FEATURES - COLUMBIA FORUM
“Human beings need stories. They need them
almost as desperately as they need food …”
Paul Auster ’69, the noted novelist profiled in CCT’s March/April 2006 issue, was awarded the Prix Asturias, Spain’s highest literary honor, last year. In his acceptance speech, he attempted to address why he writes.
I don’t know why I do what I do. If I did know, I probably wouldn’t feel the need to do it. All I can say, and I say it with utmost certainty, is that I have felt this need since my earliest adolescence. I’m talking about writing, in particular, writing as a vehicle to tell stories, imaginary stories that have never taken place in what we call the real world. Surely it is an odd way to spend your life — sitting alone in a room with a pen in your hand, hour after hour, day after day, year after year, struggling to put words on pieces of paper in order to give birth to what does not exist, except in your head. Why on earth would anyone want to do such a thing? The only answer I have ever been able to come up with is: because you have to, because you have no choice.
This need to make, to create, to invent is, no doubt, a fundamental human impulse. But to what end? What purpose does art, in particular the art of fiction, serve in what we call the real world? None that I can think of — at least not in any practical sense. A book has never put food in the stomach of a hungry child. A book has never stopped a bullet from entering a murder victim’s body. A book has never prevented a bomb from falling on innocent civilians in the midst of war.
Some like to think that a keen appreciation of art can actually make us better people — more just, more moral, more sensitive, more understanding. Perhaps that is true — in certain rare, isolated cases. But let us not forget that Hitler started out in life as an artist. Tyrants and dictators read novels. Killers in prison read novels. And who is to say they don’t derive the same enjoyment from books as everyone else?
In other words, art is useless, at least when compared, say, to the work of a plumber, or a doctor, or a railroad engineer. But is uselessness a bad thing? Does a lack of practical purpose mean that books and paintings and string quartets are simply a waste of our time? Many people think so. But I would argue that it is the very uselessness of art that gives it its value and that the making of art is what distinguishes us from all other creatures who inhabit this planet, that it is, essentially, what defines us as human beings.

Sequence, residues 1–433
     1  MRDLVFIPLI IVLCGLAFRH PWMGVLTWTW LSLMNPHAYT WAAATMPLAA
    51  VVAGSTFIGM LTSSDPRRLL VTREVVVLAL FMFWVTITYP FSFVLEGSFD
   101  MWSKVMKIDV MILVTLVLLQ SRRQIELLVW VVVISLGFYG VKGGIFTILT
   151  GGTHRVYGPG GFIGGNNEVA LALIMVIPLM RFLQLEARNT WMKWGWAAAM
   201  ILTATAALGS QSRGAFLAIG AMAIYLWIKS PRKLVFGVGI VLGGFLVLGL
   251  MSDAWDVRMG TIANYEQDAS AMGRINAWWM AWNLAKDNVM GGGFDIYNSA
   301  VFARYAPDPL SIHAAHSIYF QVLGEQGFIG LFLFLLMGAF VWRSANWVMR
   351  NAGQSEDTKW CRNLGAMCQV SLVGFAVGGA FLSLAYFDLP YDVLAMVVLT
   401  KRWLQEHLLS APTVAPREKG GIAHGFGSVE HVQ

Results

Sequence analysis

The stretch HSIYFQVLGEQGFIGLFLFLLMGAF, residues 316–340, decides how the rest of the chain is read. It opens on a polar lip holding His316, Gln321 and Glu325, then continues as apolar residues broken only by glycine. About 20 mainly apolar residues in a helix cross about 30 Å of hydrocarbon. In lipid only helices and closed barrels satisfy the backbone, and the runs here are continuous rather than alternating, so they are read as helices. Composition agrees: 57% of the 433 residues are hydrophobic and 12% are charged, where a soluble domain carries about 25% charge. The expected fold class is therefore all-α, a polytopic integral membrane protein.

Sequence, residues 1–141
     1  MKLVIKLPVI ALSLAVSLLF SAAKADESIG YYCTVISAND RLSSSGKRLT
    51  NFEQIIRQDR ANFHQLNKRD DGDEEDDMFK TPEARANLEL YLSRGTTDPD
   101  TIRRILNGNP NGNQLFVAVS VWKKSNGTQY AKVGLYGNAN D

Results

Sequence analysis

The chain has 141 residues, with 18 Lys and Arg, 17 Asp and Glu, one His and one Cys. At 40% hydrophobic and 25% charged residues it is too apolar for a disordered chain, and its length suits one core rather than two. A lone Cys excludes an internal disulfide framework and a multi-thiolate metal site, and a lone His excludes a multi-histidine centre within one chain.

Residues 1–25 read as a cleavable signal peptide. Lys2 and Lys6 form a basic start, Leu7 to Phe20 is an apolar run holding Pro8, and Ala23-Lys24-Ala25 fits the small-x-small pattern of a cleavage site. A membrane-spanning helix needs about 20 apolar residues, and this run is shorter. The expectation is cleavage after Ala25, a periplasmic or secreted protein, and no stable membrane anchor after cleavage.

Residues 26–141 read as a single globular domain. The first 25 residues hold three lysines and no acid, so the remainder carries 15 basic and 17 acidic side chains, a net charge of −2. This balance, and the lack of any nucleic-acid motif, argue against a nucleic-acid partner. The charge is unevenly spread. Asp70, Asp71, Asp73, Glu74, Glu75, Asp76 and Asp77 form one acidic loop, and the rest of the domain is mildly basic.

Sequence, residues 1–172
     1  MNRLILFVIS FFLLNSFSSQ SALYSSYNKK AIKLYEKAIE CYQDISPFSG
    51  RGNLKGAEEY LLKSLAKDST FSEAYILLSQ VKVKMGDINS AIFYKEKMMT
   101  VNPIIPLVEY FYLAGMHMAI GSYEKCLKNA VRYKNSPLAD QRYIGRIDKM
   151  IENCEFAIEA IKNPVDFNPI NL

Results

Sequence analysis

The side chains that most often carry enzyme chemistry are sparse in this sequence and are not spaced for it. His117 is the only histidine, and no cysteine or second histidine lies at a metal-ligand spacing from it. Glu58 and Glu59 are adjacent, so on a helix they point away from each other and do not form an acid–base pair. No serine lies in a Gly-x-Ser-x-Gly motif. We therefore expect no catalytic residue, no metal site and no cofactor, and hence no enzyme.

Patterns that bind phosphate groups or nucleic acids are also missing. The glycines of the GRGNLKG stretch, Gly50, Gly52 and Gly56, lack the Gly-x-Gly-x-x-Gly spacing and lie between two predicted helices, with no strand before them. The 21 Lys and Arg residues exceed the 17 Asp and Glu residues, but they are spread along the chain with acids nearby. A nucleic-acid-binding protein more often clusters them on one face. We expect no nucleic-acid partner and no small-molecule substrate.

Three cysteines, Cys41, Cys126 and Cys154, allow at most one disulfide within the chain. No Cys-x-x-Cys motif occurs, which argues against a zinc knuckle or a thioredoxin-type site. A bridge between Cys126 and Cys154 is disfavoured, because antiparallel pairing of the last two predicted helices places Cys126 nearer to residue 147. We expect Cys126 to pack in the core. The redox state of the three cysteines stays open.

To do something for the pure pleasure and beauty of doing it. Think of the effort involved, the long hours of practice and discipline required to become an accomplished pianist or dancer. All the suffering and hard work, all the sacrifices in order to achieve something that is utterly and magnificently … useless.
Fiction, however, exists in a somewhat different realm from the other arts. Its medium is language, and language is something we share with others, that is common to us all. From the moment we learn to talk, we begin to develop a hunger for stories. Those of us who can remember our childhoods will recall how ardently we relished the moment of the bedtime story, when our mother or father would sit down beside us in the semi-dark and read from a book of fairy tales.
Those of us who are parents will have no trouble conjuring up the rapt attention in the eyes of our children when we read to them. Why this intense desire to listen? Fairy tales are often cruel and violent, featuring beheadings, cannibalism, grotesque transformations and evil enchantments. One would think this material would be too frightening for a young child, but what these stories allow the child to experience is precisely an encounter with his own fears and inner torments in a perfectly safe and protected environment. Such is the magic of stories — they might drag us down to the depths of hell, but in the end they are harmless.
We grow older, but we do not change. We become more sophisticated, but at bottom we continue to resemble our young selves, eager to listen to the next story and the next, and the next. For years, in every country of the Western world, article after article has been published bemoaning the fact that fewer and fewer people are reading books, that we have entered what some have called the ‘post-literate age.’ That may well be true, but at the same time, this has not diminished the universal craving for stories.
Novels are not the only source, after all. Films and television and even comic books are churning out vast quantities of fictional narratives and the public continues to swallow them up with great passion. That is because human beings need stories. They need them almost as desperately as they need food and however the stories might be presented — whether on a printed page or on a television screen — it would be impossible to imagine life without them.